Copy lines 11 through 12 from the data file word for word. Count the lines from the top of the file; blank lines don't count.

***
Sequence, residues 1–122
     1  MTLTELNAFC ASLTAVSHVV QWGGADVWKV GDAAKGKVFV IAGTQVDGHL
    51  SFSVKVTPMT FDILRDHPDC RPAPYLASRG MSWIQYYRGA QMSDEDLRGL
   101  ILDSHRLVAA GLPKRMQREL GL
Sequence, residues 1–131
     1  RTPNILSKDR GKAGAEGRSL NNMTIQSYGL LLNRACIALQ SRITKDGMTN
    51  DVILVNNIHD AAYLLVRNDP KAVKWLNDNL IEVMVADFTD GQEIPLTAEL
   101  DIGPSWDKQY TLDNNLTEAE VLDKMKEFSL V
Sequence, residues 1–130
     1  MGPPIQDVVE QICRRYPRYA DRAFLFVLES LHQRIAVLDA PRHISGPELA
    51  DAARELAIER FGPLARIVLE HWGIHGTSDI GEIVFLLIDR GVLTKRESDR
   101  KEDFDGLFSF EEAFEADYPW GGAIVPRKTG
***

    51  DAARELAIER FGPLARIVLE HWGIHGTSDI GEIVFLLIDR GVLTKRESDR
   101  KEDFDGLFSF EEAFEADYPW GGAIVPRKTG